Platinum Metals Rev., 2004, 48, (2), 61
Scotland’s First Fuel Cell Battery Powered Electric Vehicles
- Sinclair Gair
- Scottish Fuel Cell Consortium, University of Strathclyde,
- Glasgow, Scotland
- Email: email@example.com
In December 2000 the Scottish Fuel Cell Consortium (SFCC) was formed as a partnership between the Scottish Enterprise Energy Team, industry and academia. It draws upon the engineering expertise of the University of Strathclyde (Centre for Economic and Renewable Power Delivery); Products of Technology Ltd; ASCO plc; the Grampian Primary Care NHS Trust; PowerGen Renewables; and fuel cell manufacturers.
SFCC is focused on using fuel cells in vehicles. To aid this at Strathclyde, there are projects on clean hydrogen production using electricity from renewable energy devices (wind or wave turbines to power electrolyser units). This clean hydrogen production and utilisation is one of Scotland's efforts towards a sustainable hydrogen economy.
Hybrid Fuel Cell Vehicles
As part of this effort, SFCC has developed Scotland's first fuel cell battery hybrid powered electric car. The vehicle is equipped with an alkaline fuel cell range extender, compressed hydrogen gas storage, a lead acid battery pack, and a water-cooled induction motor drive system. The prototype fuel cell vehicle is a Mark 1 drivetrain demonstration unit with the lowest possible cost configuration achievable with standard production items. This hybrid drivetrain and system configuration is also being applied to a small delivery van, retrofitted to take a fuel cell/battery electric drive, and an 18-seat battery-powered bus with a fuel cell range extender for inner city transport use. Other units for transport fleet application customers are in development.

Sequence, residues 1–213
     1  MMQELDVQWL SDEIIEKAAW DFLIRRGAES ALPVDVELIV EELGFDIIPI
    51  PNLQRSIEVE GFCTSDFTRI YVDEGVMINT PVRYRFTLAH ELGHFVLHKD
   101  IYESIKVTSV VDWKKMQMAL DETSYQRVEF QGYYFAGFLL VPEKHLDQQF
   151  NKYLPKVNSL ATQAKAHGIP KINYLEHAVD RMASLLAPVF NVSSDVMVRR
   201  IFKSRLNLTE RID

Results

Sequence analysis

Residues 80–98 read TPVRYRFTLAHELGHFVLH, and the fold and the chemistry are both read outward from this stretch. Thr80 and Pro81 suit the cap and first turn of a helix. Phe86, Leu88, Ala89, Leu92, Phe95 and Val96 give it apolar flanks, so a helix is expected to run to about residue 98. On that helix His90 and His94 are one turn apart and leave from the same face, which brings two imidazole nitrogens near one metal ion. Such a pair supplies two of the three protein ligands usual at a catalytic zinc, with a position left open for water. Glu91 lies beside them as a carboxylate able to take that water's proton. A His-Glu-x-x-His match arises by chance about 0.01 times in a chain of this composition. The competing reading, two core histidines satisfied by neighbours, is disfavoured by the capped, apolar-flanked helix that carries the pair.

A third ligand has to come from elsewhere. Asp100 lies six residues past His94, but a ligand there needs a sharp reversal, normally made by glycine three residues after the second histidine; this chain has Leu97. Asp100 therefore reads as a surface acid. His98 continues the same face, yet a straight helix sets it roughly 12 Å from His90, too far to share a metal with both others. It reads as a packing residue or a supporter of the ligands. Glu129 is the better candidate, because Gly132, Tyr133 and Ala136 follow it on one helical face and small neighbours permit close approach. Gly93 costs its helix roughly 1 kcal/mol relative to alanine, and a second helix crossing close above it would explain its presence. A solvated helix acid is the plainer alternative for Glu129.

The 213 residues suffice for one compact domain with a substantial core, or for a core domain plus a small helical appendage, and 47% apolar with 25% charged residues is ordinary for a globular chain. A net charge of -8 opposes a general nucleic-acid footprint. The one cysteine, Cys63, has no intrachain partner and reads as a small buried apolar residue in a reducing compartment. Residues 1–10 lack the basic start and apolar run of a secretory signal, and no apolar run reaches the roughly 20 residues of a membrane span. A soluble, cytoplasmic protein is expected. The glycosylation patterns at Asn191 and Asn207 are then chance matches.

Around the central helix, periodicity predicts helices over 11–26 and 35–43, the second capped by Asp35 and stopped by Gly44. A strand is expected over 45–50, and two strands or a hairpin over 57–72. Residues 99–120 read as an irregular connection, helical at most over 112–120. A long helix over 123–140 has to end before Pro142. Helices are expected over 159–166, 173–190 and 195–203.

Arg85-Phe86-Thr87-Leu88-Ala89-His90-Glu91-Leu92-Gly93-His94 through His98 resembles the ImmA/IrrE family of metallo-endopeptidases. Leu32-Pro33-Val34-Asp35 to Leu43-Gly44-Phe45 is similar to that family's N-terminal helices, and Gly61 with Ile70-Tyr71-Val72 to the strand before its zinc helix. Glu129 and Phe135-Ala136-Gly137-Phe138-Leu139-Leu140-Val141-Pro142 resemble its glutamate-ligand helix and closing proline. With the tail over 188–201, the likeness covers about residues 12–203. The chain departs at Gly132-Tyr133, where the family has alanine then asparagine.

SFCC also has expertise in higher specification items in the hybrid drivetrain layout, including:
PEM or alkaline fuel cell systems, using onboard hydrogen storage systems;
high efficiency, permanent magnet brushless DC, axial field, direct drive traction motors with oscillating rotor capability; and
customised power electronic controllers.
Advanced software modelling tools allow fast custom design of the drivetrain for any vehicle duty cycle.
Professor Sinclair Gair is a director of the Scottish Fuel Cell Consortium and works in the Institute for Energy and Environment at the University of Strathclyde. His research interests are in fuel cells for vehicular and stationary applications, and the design of electric traction drive motors and power electronic controllers.